How To Deal With Reading Disorders


Every child should have a good start in life. However, this is sometimes hampered by learning disabilities that come in various forms. This serious condition does not only affect early childhood, but may also affect the entire development and social life of the individual. Reading disorders should be addressed early so that they do not have major consequences.

Most people are quite aware of dyslexia. This is the difficulty in comprehension fluency, reading, and decoding words. It can come in various form depending on the child and the underlying cause. The affected individual is, however, not intellectually impaired, as this condition does not affect the IQ.

The second condition is Hyperlexia. This is a condition in which the individual can be described as having above average IQs with word-reading ability that is well beyond his/her age. This is more of a super ability in which the ability to recognize words goes beyond the expected levels. However, some Hyperlexics experience difficulties in understanding speech. The majority of those affected lie within the autism spectrum.

There are many theories that try to elucidate on approaches that can help children with learning disorders. This area has seen a lot of research to understand the underlying problems to help deal with the real situation. However, some of the suggestions still face controversies. Below are some simple steps that can help you assist a child with such a condition.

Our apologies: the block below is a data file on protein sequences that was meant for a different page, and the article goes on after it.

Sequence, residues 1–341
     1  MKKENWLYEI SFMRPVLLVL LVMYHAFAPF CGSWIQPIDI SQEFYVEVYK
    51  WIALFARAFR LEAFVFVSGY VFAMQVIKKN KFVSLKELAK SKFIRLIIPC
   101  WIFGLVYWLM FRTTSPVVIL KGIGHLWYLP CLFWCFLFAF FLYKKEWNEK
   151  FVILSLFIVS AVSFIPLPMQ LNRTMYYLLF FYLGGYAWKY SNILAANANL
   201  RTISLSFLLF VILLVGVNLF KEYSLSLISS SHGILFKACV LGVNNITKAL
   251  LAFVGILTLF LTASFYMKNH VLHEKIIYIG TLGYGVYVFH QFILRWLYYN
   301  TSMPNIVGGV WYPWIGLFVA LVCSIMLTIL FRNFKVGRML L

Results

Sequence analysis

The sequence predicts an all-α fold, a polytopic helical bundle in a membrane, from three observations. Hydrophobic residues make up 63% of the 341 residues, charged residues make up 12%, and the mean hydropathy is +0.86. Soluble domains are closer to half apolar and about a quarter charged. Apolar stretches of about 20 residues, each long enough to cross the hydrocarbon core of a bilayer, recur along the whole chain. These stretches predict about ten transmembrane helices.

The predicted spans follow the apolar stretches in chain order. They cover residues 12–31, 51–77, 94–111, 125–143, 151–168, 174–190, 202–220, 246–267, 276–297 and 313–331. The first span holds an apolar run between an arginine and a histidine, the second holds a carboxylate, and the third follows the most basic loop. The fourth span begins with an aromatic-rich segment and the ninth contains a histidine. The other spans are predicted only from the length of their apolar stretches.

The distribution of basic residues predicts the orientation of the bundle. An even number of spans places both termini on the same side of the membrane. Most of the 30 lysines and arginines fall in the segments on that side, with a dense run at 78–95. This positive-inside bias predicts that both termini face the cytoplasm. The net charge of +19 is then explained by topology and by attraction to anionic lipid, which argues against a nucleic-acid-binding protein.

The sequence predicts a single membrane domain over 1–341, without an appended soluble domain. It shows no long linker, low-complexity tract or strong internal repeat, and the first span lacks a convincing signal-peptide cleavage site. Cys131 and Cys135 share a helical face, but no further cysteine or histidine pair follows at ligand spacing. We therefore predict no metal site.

Playing word games can help with recognition. Puzzles and word games are quite enjoyable. They build the ability of the child to understand difficult words as well as vocabulary. You can try things such as crossword puzzles, Scrabble, word bingo, or Boggle.

Make reading aloud a habit. Encourage the child to read common things such as street signs, directions, and labels. This does not have to be at home or in the classroom; it can be done anywhere the opportunity presents itself including in the car or store. It will be easier for them to learn when they do it in turns.

Choose something exiting. This will help engage them by capturing their attention. If they enjoy the experience of reading, you can expect that they will want to participate more often, which will increase learning opportunities.

Offer a lot of encouragement. It is not advisable to show anger or any negative emotions when the progress is slow. Instead, you should appreciate the little steps they are taking. Engage the child in discussion over what you have just read. Make them explain what they have understood so that they can apply the information.

Make the child listen to books. He/she may benefit from listening to textbooks. You can also use trade books, tapes or other recordings. It is also important to use assistive technologies such as screen readers to help them see the words.

Make bedtime reading a habit. This will stimulate their abilities and help develop language. You can use novels above their age to help develop creativity due to the high vocabulary level. Discuss each chapter with them to see what they understood.

Children with reading disorders learn best when they use multiple senses. Multi-sensory instruction enables the child to hear, see, touch, and act out words. All these sense should be put to use to help the individual engage and learn faster.

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